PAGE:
Held on Friday 17 September
Thank you for joining us at the IOTA21 Futuring Craft Conference.
Presenting both live and online presentations , the conference is a provocation of ideas that reshape, reclaim and reframe craft practice as an intrinsic and integral component of human experience and cultural understanding. This two-day conference is part of the opening celebrations for the Indian Ocean Craft Triennial.
Hear from some of the most powerful voices commenting on the state of our region today and join the conversation too. Dive into the stories and preoccupations of extraordinary artists and researchers. The 2021 program included speakers from Saudi Arabia, Pakistan, Italy, Iraq, India, Egypt, Canada, UK, and Australia and beyond and keynote address from respected lawyer and humsn rights advocate Nyadol Nyuon.
Presentations include a mix of practice-led talks, workshops, panel discussions, and curator tours, with break out areas for displays and demonstrations.
Day 01: Program, WA Maritime Museum
Scroll down to read the full program of the 2021 Futuring Craft Conference.
Tickets range from $99 - $330 depending on your selection.
Please note: All tickets allow for online attendance, as part of COVID-19 contingency planning. Livestream tickets are not sold separately.
"Who tells our stories, how do they tell them, and what informs the rights they have to speak?"
Award-winning human rights advocate, lawyer and writer, Nyadol Nyuon shares her observations of the region in terms of the political, social and economic issues confronting many of our regional neighbours with a specific focus on 'authenticity'.
Nyadol Nyuon holds a Bachelor of Arts, Victoria University and Juris Doctor, University of Melbourne. She is a regular media commentator on the ABC and was named one of the Top 11 Most Influential Women in Australia by the Australian Financial Review in 2012.
Rethinking, re-focusing and revitalising the ‘craft’ agenda in education.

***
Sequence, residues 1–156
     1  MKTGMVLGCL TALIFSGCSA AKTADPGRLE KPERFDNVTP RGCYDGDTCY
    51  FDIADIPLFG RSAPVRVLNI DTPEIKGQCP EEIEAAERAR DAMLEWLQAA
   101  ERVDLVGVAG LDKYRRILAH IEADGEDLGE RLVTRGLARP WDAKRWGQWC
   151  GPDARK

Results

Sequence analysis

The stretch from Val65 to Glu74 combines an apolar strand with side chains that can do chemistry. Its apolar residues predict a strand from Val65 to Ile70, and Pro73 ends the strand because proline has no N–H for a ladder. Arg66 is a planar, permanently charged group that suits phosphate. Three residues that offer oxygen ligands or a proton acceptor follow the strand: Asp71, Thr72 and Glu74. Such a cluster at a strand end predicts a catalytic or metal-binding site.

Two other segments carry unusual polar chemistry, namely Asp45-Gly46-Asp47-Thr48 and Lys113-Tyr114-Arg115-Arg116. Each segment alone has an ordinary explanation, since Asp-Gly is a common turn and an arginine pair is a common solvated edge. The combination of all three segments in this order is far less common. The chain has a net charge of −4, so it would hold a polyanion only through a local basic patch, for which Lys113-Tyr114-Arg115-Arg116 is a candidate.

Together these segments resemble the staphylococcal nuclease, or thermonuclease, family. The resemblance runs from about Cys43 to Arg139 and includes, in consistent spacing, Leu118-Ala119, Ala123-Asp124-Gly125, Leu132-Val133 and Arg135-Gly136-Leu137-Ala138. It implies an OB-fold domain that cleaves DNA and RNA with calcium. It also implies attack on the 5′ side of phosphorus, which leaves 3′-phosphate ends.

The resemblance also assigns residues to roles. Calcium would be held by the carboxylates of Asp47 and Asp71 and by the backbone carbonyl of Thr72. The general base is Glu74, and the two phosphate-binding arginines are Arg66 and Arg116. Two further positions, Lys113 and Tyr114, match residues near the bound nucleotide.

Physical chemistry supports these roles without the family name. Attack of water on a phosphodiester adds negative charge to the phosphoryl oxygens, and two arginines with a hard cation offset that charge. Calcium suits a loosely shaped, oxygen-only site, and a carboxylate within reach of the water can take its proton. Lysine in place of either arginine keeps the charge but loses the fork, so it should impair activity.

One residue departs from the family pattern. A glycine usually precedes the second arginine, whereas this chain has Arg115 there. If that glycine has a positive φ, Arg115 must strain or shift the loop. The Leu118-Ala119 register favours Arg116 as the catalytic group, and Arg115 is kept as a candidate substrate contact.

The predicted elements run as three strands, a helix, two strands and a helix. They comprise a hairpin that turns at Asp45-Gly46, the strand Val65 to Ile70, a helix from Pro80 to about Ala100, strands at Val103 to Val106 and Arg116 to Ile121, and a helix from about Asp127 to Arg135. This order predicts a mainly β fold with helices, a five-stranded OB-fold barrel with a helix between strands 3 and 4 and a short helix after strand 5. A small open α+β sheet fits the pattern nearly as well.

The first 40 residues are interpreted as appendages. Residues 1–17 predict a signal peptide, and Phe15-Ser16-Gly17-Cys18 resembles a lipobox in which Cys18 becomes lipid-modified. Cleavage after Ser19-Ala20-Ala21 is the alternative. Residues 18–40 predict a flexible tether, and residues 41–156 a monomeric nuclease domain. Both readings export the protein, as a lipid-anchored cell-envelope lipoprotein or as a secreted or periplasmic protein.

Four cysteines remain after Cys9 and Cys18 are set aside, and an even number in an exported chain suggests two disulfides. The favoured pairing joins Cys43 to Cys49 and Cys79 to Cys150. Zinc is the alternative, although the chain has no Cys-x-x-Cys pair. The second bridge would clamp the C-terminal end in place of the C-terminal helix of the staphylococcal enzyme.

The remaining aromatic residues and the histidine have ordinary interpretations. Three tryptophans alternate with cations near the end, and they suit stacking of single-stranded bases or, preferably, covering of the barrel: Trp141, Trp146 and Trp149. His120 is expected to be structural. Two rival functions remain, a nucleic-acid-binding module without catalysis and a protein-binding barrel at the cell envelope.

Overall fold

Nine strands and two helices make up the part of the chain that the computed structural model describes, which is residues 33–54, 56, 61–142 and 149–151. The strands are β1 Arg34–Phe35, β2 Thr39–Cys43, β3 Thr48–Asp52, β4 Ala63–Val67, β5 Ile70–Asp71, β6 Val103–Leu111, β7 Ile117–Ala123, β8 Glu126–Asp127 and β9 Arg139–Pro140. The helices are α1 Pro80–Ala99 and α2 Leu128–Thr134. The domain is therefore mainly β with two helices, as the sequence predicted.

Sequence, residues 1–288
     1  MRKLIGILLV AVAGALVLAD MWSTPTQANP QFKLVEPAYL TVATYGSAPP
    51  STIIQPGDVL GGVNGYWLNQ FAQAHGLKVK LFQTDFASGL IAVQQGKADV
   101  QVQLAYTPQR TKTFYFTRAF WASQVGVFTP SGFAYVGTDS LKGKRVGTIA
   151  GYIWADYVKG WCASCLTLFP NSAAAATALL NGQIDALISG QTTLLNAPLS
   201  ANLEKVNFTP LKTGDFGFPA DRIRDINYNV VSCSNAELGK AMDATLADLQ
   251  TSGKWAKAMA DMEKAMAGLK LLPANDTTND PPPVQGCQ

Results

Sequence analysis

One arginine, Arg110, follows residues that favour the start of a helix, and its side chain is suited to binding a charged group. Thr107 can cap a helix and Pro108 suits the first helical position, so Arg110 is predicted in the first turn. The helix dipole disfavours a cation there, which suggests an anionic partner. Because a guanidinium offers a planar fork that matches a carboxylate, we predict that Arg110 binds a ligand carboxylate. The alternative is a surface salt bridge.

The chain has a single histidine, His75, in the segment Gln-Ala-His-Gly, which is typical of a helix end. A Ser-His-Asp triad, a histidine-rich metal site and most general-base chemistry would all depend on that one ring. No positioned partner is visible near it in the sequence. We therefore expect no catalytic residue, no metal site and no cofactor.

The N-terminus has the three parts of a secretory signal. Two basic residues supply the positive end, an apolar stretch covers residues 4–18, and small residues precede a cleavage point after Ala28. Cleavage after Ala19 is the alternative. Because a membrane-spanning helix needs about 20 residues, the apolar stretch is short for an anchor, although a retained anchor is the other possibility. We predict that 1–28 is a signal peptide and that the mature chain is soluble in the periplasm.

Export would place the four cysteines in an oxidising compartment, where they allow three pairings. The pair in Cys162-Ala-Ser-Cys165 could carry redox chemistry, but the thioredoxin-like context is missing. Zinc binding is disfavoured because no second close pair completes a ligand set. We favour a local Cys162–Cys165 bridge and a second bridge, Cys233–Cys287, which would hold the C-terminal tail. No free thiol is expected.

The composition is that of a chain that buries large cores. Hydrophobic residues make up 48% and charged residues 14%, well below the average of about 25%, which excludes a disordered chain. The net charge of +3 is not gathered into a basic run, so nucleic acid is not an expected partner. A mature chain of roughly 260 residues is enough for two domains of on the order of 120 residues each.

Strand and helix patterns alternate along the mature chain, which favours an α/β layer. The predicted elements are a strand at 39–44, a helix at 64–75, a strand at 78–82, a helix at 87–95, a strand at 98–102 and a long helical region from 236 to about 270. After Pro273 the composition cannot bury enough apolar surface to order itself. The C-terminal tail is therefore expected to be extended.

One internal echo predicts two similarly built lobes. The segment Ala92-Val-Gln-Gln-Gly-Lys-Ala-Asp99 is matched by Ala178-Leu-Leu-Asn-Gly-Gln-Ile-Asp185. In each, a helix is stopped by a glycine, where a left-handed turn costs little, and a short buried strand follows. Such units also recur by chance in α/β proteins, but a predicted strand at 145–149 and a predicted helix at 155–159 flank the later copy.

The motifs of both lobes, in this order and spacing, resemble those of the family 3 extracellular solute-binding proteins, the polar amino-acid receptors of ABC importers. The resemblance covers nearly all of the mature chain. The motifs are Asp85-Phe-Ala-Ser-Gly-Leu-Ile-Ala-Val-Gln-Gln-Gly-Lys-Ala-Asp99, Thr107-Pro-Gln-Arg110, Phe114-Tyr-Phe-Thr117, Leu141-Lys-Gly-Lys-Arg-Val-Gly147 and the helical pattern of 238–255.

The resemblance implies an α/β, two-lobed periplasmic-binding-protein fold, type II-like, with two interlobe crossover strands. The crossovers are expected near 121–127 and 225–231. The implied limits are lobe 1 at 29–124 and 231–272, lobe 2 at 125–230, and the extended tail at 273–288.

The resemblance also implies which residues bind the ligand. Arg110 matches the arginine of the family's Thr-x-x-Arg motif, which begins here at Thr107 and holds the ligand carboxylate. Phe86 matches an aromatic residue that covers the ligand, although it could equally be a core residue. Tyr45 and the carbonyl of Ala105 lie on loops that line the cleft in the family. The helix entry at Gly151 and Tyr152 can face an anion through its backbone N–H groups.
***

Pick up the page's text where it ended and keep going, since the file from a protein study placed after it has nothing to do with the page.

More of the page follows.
NWS Shipping Theatre
With insights from contemporary Australian and Canadian educational systems, this session examines perceptions and realities of studio craft as a response to current funding challenges in an increasingly digital world. In this session presenters discuss the intersection of digital technology and craft as experienced in the tertiary sector and studio practice in both the Australian and Canadian context. The session provokes and proposes solutions to pertinent questions such as: What do digitally and virtuality mean for craft? How do we recentre craft at the centre of innovation, and increase its value and agency to benefit and positively impact social, cultural, economic and the political realms to counter arts defunding? Can craft provide new and interesting agendas that contribute ethical responses to the question of how we will sustain functional communities and nations on a planet with finite resources including burgeoning demands that are emerging through globalisation, change and growing populations?
Dr. Lynne Heller Ph.D & Dorie Millerson | Craft Pedagogy in Precarious Times Pre-recorded presentation
Dr. Lynne Heller
Adjunct Professor | OCAD University, CANADA
Lynne Heller, Ph.D. is a post-disciplinary artist, designer, educator and academic. Her interests encompass both material and virtual culture, textiles and performance. Heller completed her PhD in 2016 at University College Dublin, Ireland with a research focus on feminist practice in online culture.
Associate Professor of Textiles in Material Art & Design | OCAD University, CANADA
Dorie Millerson is an artist and academic specializing in textiles. Her practice focuses on needle lace and her research interests include craft pedagogy, history and technology. She holds an MFA in textiles from NSCAD University and is an Associate Professor of Textiles in Material Art & Design at OCAD University
Dr. Niklavs Rubenis & Dr. Rohan Nicol | Crafted Futures: new teaching, learning and research for craft in the Australian tertiary academy
Dr. Niklavs Rubenis
Senior Lecturer Object Design | Coordinator Object + Furntiure | Coordinator Design. School of Creative Arts and Media, University of Tasmania
Dr. Niklavs Rubenis is a designer and maker focused on craft, design, ethics and people. He is currently Coordinator of Object Design at the School of Creative Arts & Media University of Tasmania (UTAS); serves on the board of the World Crafts Council—Australia; and is a member of the Coordinating Committee for Global Climate Change Week.
Dr. Rohan Nicol
Associate Professor | Associate Head of School, School of Creative Arts and Media, University of Tasmania
Rohan Nicol is an experienced artist with an international profile achieved through a hybrid practice spanning contemporary art, craft, design and curatorship. His work focusses on environmental issues and various forms of arts-led innovation. He recently accepted a position as Associate Professor at the School of Creative Arts & Media UTAS.
How do the places we live in reflect the objects we make?
NWS Shipping Theatre
The Eucalyptus is one of Australia’s most recognisable flora and has influenced development in communities around the Indian Ocean and beyond. This session traces the history of dye experiments with Australian Eucalypts and their international dissemination; incorporating a project that saw processes that represent friendship, exchange, expertise and create a community of practice.